by Chris Adetayo
I have read many arguments lampooning the $5.2B fine imposed on MTN by the NCC for the latter’s failure to register its subscribers. For some, the fine is too excessive. For others, the fine sends a negative message to foreign investors about the safety of investment in Nigeria. One other argument pushed is that the fine is orchestrated by some shadowy persons intent on taking over MTN. I find all of these arguments to be baseless and lacking in depth. I will address each shortly.
First, let’s be clear, abi initio MTN had the most to lose from the subscriber registration exercise required of all Telcos. With a commanding 45% of the market (take or add a few percentage points), it was likely to suffer most from non-registration and therefore loss of revenue in the event of unregistered subscribers being barred. It willfully chose to not bar these subscribers so it will not 1] suffer loss of revenue and 2] lose such subscribers to competition. These 2 reasons were allowed to get in the way of fully complying with the regulator’s directive.
Those canvassing the excessiveness of the fine miss the point. The fine for breaches was clearly stated and advertised to all the Telcos. So there is no question of it being arbitrary. If, hence, there was a feeling by MTN or any of other other Telcos, that the fine was on the high side, this should have been made before committing the breach. Surely, MTN cannot go to equity on this argument.
For those making the argument that it discourages foreign investors, I daresay that the opposite is true. Critical to foreign investors is the rule of law. And, in this case, that is exactly what we are witnessing. A “law” was enacted, a company breached the “law”, and the relevant authority has imposed the fine for the breach. What can be fairer? What can be more reassuring to foreign investors? Indeed, it can be argued that were the NCC to turn a blind eye to the breach, such an act will be hugely discouraging to investors.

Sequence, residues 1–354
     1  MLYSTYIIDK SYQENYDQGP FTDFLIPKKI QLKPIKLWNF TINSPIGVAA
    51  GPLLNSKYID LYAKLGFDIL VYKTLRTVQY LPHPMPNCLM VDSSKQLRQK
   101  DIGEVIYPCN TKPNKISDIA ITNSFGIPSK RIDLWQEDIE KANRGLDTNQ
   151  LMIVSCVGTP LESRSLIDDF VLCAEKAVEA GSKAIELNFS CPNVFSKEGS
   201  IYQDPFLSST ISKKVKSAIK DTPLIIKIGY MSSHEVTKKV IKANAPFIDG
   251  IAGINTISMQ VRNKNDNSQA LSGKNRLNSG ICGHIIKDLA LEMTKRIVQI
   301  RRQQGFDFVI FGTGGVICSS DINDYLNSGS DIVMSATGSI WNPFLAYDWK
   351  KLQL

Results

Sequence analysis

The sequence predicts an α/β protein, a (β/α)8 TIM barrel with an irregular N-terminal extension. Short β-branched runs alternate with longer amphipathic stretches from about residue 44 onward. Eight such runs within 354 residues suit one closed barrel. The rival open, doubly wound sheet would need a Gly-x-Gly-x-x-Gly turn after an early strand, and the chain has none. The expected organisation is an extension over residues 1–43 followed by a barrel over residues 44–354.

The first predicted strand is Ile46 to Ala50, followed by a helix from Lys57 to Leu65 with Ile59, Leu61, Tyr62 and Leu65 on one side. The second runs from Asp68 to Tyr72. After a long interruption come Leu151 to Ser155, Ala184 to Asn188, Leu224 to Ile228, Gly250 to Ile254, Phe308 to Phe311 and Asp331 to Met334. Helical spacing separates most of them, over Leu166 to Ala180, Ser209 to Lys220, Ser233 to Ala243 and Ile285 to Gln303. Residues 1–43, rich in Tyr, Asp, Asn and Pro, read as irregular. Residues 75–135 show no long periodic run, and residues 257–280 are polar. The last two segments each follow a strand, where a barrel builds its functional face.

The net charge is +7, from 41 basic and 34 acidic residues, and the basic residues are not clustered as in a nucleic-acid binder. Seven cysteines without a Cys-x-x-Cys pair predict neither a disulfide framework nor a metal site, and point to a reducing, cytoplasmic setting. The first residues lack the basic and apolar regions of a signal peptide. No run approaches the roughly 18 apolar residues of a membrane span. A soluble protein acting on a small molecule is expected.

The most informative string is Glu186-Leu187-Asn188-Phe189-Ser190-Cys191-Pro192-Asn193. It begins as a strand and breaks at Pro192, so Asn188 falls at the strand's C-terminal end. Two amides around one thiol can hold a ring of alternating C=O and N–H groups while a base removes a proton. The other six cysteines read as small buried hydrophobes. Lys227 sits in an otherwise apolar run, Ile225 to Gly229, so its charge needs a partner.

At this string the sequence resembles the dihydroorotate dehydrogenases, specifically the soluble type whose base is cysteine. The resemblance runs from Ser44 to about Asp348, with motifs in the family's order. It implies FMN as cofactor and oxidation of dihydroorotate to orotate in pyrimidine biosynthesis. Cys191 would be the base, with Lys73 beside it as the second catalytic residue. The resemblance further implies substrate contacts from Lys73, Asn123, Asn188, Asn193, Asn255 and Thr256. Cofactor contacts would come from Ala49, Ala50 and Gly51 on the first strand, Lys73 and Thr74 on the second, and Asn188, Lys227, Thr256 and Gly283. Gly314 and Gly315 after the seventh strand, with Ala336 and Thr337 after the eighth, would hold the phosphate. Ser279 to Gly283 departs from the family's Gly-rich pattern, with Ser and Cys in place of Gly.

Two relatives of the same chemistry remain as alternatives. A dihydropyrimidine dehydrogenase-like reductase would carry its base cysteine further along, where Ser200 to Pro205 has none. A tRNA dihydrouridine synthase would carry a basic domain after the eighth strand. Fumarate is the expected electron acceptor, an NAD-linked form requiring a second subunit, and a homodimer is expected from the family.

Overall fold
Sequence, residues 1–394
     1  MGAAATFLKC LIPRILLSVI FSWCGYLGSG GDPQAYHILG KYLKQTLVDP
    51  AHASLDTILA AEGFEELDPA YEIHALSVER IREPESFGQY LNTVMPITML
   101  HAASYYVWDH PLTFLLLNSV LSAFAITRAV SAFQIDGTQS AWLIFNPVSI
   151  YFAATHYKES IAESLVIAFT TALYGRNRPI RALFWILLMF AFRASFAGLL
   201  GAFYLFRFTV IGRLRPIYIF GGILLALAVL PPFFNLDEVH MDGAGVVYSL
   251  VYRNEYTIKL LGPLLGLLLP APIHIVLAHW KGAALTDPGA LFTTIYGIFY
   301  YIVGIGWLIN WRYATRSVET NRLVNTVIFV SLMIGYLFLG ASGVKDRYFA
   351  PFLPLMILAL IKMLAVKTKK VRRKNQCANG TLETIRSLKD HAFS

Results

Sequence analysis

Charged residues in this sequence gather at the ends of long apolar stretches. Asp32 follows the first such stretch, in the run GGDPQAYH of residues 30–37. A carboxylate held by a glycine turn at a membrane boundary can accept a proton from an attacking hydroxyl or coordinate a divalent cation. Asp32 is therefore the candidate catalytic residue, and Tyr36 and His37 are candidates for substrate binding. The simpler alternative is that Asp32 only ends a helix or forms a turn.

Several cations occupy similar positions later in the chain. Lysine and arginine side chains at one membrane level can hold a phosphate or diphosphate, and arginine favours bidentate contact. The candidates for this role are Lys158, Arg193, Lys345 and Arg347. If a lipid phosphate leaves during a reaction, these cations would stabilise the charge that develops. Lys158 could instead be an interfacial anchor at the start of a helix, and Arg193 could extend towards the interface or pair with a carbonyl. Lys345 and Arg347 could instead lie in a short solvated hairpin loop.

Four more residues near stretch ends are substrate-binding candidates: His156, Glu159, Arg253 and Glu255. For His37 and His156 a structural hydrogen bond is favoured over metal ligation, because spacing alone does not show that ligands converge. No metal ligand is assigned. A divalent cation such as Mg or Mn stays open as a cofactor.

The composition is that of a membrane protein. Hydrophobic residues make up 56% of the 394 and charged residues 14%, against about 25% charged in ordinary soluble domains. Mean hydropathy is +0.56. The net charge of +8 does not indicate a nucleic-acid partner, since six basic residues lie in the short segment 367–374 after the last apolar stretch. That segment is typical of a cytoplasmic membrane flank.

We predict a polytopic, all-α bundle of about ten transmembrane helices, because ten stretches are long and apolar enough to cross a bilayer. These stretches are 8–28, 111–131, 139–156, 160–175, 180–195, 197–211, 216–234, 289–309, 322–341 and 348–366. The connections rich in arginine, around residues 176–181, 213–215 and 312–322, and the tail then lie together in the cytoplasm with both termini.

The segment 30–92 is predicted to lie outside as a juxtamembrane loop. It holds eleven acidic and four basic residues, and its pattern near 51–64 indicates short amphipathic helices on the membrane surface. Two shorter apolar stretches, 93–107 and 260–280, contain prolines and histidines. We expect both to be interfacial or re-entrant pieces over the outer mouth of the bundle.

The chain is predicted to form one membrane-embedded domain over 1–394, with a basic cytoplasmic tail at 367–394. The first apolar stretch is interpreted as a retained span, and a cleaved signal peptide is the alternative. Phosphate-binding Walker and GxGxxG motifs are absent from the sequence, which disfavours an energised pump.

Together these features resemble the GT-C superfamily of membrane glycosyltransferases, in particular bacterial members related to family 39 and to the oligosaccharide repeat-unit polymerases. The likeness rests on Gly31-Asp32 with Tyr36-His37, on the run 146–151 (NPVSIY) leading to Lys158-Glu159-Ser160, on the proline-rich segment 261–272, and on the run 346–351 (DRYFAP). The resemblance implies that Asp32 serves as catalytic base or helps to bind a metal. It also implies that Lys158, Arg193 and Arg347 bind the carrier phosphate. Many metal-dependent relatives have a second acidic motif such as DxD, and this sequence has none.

As for those shouting themselves hoarse about underhand plans to take over MTN or to run the company out of Nigeria, they deserve our sympathy for their lack of knowledge. One should not have to react to such an argument, baseless and spurious as it is.
One of the sad outcome on this issue has been the attempt to demonise the NCC for the fine imposed on MTN. Without fear of contradiction, I daresay that the NCC over the past 15 years is the best regulator this country has ever had in any sector. It is not perfect but it does its job professionally and responsibly. And Nigeria has been far better for it. It should be praised, not derided!
How do we move forward? First, MTN needs to come to the table with contrition. Sponsoring all manner of commentaries with a view to whipping up support is not going to cut it. It should acknowledge that it has done wrong and failed to abide by the rules. It should then proceed to plead for a reduction of the fine. If this is done, I will hope that the NCC will be magnanimous enough to reduce the fine.
Beyond the above, there is no question that MTN also needs to take a long hard look at its operations, especially in the area of compliance. Stripped to the bones, this was a failure of compliance. It has brought the company to this sorry pass. Heads should roll!
Chris is a marketing communications professional and an avid analyst of national and international affairs Connect with him on Facebook.
The opinions expressed in this article are solely those of the author.